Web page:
Diving is addictive. Ever since I got the initial PADI open water certification, I knew that an advanced open water course was in my future. You see, the open water class only provides so much knowledge. You learn about diving gear, protocol, and how to handle problems as they arise. In other words, they arm you with the basics. But you don’t learn much more. And there is so much more to diving than learning how to clear your mask.
Although I considered getting more dive experience under my belt before going to the next level, ultimately I decided that more education would be a faster way to get ready for better dives. You can’t just get your open water certification and decide to dive a wreck, for example. PADI, the international dive organization that certified me, maintains guidelines that ideally match a diver’s skill level with appropriate conditions. Technically, OW divers should max out at 60 feet of depth. With a PADI advanced open water certification, you could reach 100 feet. The course also offers additional dive skills that help maximize underwater experiences. Take buoyancy, for example. Achieving weightlessness underwater is a delicate balance of equipment (weights, wet suits, a buoyancy control device) and learning how to control your breath. The advanced course offers a chance to practice this in depth. My course also consisted of a night dive, a navigation dive, a deep dive, and an underwater photography dive. There’s a lot of argument about the validity of the PADI course, but when all was said and done, I felt the advanced course gave me more varied experience and that leads to confidence in the water. Confidence leads to relaxation, and a relaxed diver is a successful diver.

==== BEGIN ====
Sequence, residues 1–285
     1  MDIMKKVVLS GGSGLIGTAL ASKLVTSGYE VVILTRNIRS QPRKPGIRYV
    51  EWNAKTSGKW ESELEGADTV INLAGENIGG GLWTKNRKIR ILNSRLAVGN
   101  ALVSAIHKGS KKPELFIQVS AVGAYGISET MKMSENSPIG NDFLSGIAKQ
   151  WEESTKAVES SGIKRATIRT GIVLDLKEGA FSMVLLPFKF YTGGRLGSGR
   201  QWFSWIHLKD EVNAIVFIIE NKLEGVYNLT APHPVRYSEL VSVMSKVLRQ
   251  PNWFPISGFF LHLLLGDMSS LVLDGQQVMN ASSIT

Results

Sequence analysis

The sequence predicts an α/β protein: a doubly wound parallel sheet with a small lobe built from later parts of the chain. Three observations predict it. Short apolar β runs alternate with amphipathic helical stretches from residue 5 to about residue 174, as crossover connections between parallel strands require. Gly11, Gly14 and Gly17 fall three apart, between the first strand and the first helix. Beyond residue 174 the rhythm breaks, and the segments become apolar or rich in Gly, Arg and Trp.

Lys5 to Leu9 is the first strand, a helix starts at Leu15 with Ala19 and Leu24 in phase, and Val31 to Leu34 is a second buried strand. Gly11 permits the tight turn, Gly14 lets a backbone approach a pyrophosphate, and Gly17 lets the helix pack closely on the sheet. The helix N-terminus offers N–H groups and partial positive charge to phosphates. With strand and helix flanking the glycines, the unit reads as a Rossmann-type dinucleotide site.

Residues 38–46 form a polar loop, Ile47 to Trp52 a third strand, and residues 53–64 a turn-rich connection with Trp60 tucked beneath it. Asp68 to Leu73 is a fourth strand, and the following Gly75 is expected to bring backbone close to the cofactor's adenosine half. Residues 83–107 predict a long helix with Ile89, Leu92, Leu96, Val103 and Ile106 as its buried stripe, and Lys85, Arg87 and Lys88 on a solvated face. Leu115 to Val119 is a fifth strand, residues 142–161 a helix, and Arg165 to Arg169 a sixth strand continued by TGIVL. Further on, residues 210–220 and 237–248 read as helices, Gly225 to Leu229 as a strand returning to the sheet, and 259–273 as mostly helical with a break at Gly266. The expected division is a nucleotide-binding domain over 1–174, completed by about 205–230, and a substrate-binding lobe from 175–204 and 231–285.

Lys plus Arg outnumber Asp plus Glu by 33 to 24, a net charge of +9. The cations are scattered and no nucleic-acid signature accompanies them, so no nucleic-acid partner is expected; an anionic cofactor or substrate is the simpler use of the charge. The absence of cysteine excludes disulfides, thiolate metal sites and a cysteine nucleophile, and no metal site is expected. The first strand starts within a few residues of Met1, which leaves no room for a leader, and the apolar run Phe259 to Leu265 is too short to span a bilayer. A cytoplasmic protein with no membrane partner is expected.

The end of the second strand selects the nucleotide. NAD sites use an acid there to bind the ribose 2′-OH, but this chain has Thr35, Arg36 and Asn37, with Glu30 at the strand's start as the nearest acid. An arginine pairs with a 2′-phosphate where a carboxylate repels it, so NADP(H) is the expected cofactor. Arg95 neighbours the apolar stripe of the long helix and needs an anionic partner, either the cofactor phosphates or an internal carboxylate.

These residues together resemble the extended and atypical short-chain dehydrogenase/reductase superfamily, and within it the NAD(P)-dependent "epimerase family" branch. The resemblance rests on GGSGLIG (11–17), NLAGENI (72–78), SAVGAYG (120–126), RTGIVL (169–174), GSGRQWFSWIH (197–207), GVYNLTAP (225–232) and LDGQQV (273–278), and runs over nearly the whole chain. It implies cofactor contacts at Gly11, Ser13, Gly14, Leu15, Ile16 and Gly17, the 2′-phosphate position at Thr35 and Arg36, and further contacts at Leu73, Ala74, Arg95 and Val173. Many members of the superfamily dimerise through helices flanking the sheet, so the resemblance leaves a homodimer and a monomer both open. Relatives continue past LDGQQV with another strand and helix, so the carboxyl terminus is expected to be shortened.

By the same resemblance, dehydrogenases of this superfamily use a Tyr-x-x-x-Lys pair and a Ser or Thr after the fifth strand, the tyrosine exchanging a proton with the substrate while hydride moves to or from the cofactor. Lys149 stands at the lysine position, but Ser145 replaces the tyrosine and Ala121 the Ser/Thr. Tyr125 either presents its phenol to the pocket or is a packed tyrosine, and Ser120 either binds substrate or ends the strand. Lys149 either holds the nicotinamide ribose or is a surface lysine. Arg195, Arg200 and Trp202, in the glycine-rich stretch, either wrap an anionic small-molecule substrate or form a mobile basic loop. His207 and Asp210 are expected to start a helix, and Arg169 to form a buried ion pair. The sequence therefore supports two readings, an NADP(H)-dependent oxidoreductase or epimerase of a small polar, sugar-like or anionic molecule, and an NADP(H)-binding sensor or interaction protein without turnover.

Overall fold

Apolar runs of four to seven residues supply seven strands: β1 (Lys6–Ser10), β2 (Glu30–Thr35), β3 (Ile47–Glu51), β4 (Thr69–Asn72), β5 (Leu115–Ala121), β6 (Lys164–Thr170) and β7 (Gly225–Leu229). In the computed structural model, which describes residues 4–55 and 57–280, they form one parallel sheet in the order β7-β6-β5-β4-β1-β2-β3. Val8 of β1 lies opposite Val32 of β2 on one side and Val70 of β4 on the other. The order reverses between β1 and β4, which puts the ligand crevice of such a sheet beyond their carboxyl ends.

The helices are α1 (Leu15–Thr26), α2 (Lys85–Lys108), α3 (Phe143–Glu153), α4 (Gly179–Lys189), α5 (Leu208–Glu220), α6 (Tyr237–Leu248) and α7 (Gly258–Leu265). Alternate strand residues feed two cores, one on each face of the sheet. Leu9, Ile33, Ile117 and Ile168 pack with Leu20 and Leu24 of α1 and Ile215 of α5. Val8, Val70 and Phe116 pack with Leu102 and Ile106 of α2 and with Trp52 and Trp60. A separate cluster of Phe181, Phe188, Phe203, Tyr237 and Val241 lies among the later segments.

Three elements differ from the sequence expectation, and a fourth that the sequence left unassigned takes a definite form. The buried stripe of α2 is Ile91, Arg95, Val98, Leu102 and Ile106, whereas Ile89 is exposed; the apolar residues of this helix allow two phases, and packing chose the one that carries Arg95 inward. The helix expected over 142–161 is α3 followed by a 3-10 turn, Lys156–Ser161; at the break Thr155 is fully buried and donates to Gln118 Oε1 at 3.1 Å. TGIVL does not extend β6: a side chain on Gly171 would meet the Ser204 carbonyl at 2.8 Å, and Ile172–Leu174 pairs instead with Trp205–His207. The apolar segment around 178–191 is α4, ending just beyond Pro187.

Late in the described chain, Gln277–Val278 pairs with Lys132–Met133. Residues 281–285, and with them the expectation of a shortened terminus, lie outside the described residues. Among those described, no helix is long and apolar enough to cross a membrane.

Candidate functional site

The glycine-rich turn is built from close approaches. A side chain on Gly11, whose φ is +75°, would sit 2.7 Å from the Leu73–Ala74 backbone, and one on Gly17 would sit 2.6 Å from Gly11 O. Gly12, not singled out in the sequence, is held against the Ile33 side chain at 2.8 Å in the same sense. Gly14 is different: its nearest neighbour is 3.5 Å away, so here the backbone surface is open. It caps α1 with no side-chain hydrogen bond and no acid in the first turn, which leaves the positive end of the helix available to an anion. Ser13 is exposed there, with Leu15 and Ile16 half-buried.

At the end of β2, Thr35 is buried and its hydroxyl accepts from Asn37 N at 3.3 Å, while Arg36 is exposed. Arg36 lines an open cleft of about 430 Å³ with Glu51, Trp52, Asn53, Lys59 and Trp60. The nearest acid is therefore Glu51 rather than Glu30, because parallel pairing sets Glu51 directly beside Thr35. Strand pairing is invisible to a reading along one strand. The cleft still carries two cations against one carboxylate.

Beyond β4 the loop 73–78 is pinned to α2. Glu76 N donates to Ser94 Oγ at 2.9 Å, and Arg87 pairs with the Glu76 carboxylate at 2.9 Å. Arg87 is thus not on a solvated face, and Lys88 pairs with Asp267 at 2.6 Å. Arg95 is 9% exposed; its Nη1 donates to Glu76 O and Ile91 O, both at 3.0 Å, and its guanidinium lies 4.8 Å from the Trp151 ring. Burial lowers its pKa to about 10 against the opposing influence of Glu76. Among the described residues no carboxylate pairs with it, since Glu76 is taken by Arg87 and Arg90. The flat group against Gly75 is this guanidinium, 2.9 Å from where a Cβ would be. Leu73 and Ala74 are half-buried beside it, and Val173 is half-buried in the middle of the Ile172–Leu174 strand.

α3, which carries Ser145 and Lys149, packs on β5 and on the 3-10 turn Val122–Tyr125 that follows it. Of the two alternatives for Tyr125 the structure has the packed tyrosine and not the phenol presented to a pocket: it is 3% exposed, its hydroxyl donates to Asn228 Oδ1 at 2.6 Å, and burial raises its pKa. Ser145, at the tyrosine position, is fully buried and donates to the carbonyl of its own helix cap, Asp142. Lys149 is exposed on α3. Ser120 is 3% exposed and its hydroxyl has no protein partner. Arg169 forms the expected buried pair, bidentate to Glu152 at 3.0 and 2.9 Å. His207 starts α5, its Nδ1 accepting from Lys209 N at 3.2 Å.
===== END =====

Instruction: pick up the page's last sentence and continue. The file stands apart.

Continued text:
And let’s be honest: I can’t wait to dive a wreck!
So what was my advanced open water course with Dolphin Dive like?
Well, first, we received books. Before each course dive, we studied a corresponding section in the book and answered a set of written questions to ensure that we understood the information. Next, we met with our instructor, Brendan, and the rest of the class to discuss what we’d learned. This is what our classroom looked like.